A Georgia appellate court has issued a decision exploring the requirements for perfecting a medical services lien set out at OCGA § 44-14-471, particularly the requirement of written notice to the alleged tortfeasor and the alleged tortfeasor’s insurer.
On January 20, 2012, Kennestone Hospital, Inc., d/b/a WellStar Kennestone Hospital, mailed its patient, David Pruitt, a notice of its intent to file a lien for the medical treatment and services it had provided to him following a motor vehicle collision. Kennestone filed its lien on February 9, 2012.
Before filing the lien, Kennestone attempted to identify the alleged tortfeasor and her insurer by telephoning Mr. Pruitt and by twice attempting to locate the accident report. It left a voice mail for Mr. Pruitt, which Kennestone said was not returned, and the Georgia Department of Public Safety informed Kennestone that no accident report had been found.
On March 6, 2012, after it had filed the lien, Kennestone was made aware that Mr. Pruitt had hired an attorney to potentially pursue filing a personal injury lawsuit. On that date, as well as on April 27, 2012, Kennestone attempted to contact the attorney but failed to make contact. It again attempted to contact the attorney on June 12, 2012 and September 19, 2012.
Kennestone made further unsuccessful attempts to locate the accident report on March 6, 2012, April 27, 2012, June 12, 2012, June 13, 2012, September 19, 2012, and September 28, 2012.
On December 13, 2012, Kennestone received the accident report, which identified Ginger Gentry and her insurer, Allstate Fire & Casualty Insurance Company.
Kennestone sent a notice of the lien to Allstate on December 20, 2012. It never sent notice to Ms. Gentry.
Thereafter, Kennestone sued Allstate to enforce its lien.
The parties moved for summary judgment. Allstate argued that Kennestone had failed to perfect its lien under OCGA § 44-14-471 because it had not sent notice of the lien to Ms. Gentry.
For its part, Kennestone countered that during the time period for providing notice, it had not identified the alleged tortfeasor, despite exercising due diligence, so it had nowhere to send the notice. It also argued that the statute did not require notice to the tortfeasor after the lien had been filed.
The trial court granted summary judgment to Kennestone on its claims.
OCGA § 44-14-471(a) provides that to perfect a lien for the provision of medical services, a hospital:
(1) Shall, not less than 15 days prior to the date of filing the statement required under paragraph (2) of this subsection, provide written notice to the patient and, to the best of the claimant’s knowledge, the persons . . . and their insurers claimed by the injured person or the legal representative of the injured person to be liable for damages arising from the injuries . . . ; and
(2) Shall file in the office of the clerk of the superior court of the county in which the hospital . . . is located and in the county wherein the patient resides, if a resident of this state, a verified statement setting forth the name and address of the patient as it appears on the records of the hospital . . . ; the name and location of the hospital . . . ; the dates of admission and discharge of the patient therefrom . . . ; and the amount claimed to be due for the hospital.
The Appellate Court’s Decision
The appellate court affirmed.
In its decision, the appellate court explained that hospitals must file the statements described in Section 44-14-471(a)(2) within 75 days after the patient is discharged from the hospital. The appellate court added that because the written notice of Section 44-14-471(a)(1) must be provided not less than 15 days before the verified statement of Section 44-14-471(a)(2) is filed, and the verified statement of Section 44-14-471(a)(2) must be filed within 75 days of a patient’s discharge, then the written notice of Section 44-14-471(a)(1) must be provided within 60 days after a patient’s discharge.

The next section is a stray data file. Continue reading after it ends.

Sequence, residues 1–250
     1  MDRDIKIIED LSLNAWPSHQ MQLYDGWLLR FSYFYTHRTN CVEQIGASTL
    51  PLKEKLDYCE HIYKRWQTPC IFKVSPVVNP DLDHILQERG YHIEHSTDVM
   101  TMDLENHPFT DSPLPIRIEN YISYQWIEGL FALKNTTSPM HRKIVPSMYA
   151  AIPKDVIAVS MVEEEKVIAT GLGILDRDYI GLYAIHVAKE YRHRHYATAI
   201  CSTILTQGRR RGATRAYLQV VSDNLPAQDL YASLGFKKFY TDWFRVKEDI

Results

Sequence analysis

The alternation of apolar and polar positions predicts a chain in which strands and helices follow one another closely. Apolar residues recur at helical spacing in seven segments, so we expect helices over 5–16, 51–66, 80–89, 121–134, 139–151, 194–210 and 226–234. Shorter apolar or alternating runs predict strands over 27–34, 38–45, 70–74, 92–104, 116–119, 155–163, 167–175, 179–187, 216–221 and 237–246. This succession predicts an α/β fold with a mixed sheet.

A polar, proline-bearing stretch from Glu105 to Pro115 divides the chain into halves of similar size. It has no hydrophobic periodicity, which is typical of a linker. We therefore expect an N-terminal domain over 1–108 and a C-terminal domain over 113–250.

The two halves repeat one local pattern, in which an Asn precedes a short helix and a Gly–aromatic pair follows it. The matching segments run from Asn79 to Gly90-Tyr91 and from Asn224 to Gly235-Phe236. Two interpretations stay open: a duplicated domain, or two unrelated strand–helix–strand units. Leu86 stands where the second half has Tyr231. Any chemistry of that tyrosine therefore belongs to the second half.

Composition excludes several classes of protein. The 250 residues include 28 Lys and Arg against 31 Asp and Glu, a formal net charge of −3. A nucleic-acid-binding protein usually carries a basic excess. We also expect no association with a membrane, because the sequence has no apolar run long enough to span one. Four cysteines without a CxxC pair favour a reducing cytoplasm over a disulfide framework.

In this case, the appellate court reasoned, Kennestone timely filed its lien on February 9, 2012, so it had to provide notice to Mr. Pruitt and, “to the best of [its] knowledge,” to the alleged tortfeasor and her insurer not less than 15 days before then, which was on or before January 25, 2012.
The appellate court pointed out that Kennestone sent that notice to Mr. Pruitt on January 20, 2012.
It also observed that there was no evidence that Kennestone knew the alleged tortfeasor’s or her insurer’s identity on or before January 25, 2012, in spite of exercising due diligence. Accordingly, the appellate court ruled, the record supported the trial court’s conclusion that “[b]ecause Kennestone put forth a diligent effort in obtaining the requisite identities, Kennestone met OCGA § 44-14-471(a)(1)’[s] ‘best of knowledge’ standard in providing notice to all required parties and therefore properly noticed all required parties.”
The appellate court rejected Allstate’s contention that Kennestone’s failure to ever send Ms. Gentry notice invalidated its lien because Kennestone did not know Ms. Gentry’s identity “until well after the time period of OCGA § 44-14-471(a)(1) for providing notice had passed.”
Moreover, the appellate court added, the statute did not require that once Kennestone learned Ms. Gentry’s identity, it was obligated to send notice even though the notice period had passed and the lien had been filed.
The case is Allstate Fire & Casualty Ins. Co. v. Kennestone Hospital, Inc., No. A18A1822 (Ga. Ct. App. Jan. 3, 2019).
Steven A. Meyerowitz is the director of FC&S Legal, editor-in-chief of the Insurance Coverage Law Report and founder and president of Meyerowitz Communications Inc.